JW Marriott Grosvenor House and high society – celebrities, VIPs, entertainers; call them what you will – go together hand in hand. The Beatles played there on December 2, 1963, Sammy Davis Junior came in 1974 and Johnny Cash in the early 1980s, all in the hotel's Great Room. Henry Kissinger gave a press conference in the Ballroom in 1979 and Obama stood at a lecturn in 2011. Walt Disney and his wife Lilian were early guests as honeymooners in 1935. Sir Alex Ferguson was there in February 2011 for a 2000 matches Celebratory Lunch.

The exclusive hotel is an important venue for star-studded awards ceremonies, and the busy photographers captured Liz and Dick (as Taylor and Burton were irreverently known) at the British Academy of Film and Television Arts ceremony in 1967, Michael Caine at the BAFTAs in 1984, Dame Shirley Bassey and Paul McCartney at the Q Awards in 2007 and Dame Helen Mirren at the BAFTAs in 2013.

These are some of the pictures and the stories they tell. To find out why and when Nicole Kidman, Meryl Streep, Ben Affleck, George Clooney, Tommy Cooper and the others were at the Park Lane hotel, all you have to do is pay a visit and take a look in that private dining room, if it isn't locked.

Like the private dining room, the Great Room and the Ballroom themselves are eye-openers. At a little over 3100 square metres, the Ballroom was originally used as an ice rink, home to the Park Lane Ice Club, and the future Queen Elizabeth II had skating lessons there as a child. But competition grew from other ice rinks and the room was converted to Europe's biggest ballroom.

It now provides a striking setting for some of the UK's biggest celebratory nights, banquets, balls, fashion shows, conferences, wedding parties and the like. One such is the world's oldest charitable ball, the Royal Caledonian Ball, founded in the 1840s and granted royal patronage by Queen Victoria. It remains a staple of the London social season each springtime.

Unapologetically, it is difficult to avoid name-dropping when contemplating such an illustrious hotel, and apart from some of the above named, Eleanor Roosevelt, Jacqueline Onassis, General Eisenhower, General Patton, Muhammed Ali and Ella Fitzgerald were among other famous guests.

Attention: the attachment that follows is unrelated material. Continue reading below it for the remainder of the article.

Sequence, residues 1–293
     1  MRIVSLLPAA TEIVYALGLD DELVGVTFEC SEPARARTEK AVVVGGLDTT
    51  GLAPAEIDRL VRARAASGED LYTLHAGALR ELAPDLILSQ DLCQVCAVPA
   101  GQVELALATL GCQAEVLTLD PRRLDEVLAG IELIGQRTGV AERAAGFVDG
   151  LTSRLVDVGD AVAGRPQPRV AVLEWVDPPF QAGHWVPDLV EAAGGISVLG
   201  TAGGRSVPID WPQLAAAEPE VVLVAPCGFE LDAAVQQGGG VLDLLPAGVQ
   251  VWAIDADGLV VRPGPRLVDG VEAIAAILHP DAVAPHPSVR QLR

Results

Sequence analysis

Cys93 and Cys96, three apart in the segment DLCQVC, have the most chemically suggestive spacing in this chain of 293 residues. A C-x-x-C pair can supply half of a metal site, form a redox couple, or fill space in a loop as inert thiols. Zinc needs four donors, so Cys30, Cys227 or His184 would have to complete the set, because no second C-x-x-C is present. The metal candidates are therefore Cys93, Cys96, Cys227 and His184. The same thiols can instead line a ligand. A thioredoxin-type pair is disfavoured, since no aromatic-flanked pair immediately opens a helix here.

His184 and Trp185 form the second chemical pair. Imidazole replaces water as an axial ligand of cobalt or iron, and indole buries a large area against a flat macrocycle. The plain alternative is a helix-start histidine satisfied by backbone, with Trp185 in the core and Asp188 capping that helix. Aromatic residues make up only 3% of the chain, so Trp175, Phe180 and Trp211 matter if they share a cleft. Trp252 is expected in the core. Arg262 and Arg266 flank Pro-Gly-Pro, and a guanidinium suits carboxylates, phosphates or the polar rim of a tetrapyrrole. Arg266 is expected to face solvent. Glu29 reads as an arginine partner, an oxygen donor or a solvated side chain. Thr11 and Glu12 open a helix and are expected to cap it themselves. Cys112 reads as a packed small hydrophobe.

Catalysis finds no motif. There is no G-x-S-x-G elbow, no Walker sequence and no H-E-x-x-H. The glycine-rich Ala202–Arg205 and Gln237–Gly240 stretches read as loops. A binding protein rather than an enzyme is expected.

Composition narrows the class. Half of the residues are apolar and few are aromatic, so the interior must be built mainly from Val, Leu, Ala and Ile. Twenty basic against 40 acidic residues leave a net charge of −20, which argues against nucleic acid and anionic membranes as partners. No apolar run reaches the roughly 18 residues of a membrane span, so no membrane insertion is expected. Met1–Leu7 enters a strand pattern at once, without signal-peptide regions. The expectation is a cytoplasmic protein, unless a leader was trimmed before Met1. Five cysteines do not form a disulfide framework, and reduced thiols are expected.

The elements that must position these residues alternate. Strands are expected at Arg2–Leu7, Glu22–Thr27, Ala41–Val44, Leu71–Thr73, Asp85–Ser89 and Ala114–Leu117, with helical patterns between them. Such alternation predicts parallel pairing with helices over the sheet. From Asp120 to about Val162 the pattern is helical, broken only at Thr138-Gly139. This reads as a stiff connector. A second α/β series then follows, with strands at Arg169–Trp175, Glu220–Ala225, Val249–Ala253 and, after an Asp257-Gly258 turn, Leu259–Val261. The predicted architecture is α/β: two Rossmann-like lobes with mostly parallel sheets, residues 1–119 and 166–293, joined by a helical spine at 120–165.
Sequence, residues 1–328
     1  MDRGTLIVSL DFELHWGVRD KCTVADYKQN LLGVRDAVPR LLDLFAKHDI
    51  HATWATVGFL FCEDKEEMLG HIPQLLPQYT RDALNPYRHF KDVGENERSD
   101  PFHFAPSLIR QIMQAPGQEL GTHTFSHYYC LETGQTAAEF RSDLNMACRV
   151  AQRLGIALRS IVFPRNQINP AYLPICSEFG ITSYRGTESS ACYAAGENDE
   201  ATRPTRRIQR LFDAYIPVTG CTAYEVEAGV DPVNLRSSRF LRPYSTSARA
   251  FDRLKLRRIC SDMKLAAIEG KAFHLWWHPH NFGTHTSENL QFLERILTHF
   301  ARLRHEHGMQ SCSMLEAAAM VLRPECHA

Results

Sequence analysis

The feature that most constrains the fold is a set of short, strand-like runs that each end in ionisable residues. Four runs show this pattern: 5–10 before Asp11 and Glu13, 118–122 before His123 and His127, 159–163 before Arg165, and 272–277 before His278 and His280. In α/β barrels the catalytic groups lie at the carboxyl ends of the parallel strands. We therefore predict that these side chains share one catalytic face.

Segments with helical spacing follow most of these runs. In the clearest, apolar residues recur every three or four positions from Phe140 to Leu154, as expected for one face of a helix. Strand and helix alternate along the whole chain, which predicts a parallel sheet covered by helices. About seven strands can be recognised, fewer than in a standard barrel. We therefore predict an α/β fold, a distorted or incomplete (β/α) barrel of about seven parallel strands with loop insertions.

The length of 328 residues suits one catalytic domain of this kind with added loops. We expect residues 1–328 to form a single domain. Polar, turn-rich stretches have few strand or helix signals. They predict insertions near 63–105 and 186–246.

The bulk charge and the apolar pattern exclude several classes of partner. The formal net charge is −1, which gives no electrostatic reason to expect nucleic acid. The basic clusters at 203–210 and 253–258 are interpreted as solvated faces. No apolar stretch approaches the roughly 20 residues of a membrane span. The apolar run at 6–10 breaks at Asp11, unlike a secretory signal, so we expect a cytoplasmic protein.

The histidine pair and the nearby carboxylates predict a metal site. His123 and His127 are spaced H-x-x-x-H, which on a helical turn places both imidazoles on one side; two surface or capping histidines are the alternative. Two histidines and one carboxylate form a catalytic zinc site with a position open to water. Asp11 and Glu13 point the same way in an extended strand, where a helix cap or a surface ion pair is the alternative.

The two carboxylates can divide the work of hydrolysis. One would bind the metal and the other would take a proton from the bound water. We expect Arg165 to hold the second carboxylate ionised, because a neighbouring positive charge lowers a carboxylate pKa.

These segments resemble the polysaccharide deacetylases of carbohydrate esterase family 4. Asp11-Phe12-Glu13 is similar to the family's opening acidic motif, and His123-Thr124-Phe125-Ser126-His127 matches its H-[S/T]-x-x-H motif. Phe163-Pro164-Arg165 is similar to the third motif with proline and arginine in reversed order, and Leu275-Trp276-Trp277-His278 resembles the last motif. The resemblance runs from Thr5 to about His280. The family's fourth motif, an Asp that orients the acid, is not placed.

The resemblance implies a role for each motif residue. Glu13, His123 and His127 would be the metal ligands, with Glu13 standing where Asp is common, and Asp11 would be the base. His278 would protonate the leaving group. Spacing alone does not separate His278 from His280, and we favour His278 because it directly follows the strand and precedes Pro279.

Aviator Amy Johnson, the first woman to fly solo from Great Britain to Australia in 1930 aged 26, was given a huge reception there. That decade, American film stars Humphrey Bogart, Robert Taylor and Ray Milland slept over, and Douglas Fairbanks Jr made a beer advertisement in 1934 during which he was photographed at supper with Gertrude Lawrence. The following year he returned and was photographed playing the piano amid the flesh of a glamorous group of "Grosvenor House Girls". The list continues...

Going back to the late 1600s, Grosvenor House was the private London residence of the aristocratic Grosvenor family. The centuries of history are too long to mention here but are detailed in the establishment's own book, "Grosvenor House, The Inheritance and the People", available at the hotel and containing a wealth of pictures and stories.

# JW Marriott Grosvenor House, Park Lane, London

Grosvenor House Hotel opened on May 14, 1929 with 472 rooms and offering a new standard in hospitality. It was the first five-star on London's famed Park Lane and today it remains one of the most high-end hotels on the high-end road. For unassailable proof about the status of Park Lane, just remember the Monopoly board game, where the road is outvalued only by the ultra upscale Mayfair, one of London's most exclusive haunts where – as one description goes – the shopping is haute, the dining is exquisite and the nightlife is vibrant. A casual stroll through the area's chic streets will reveal that Michelin stars and chauffeured cars are practically the norm here.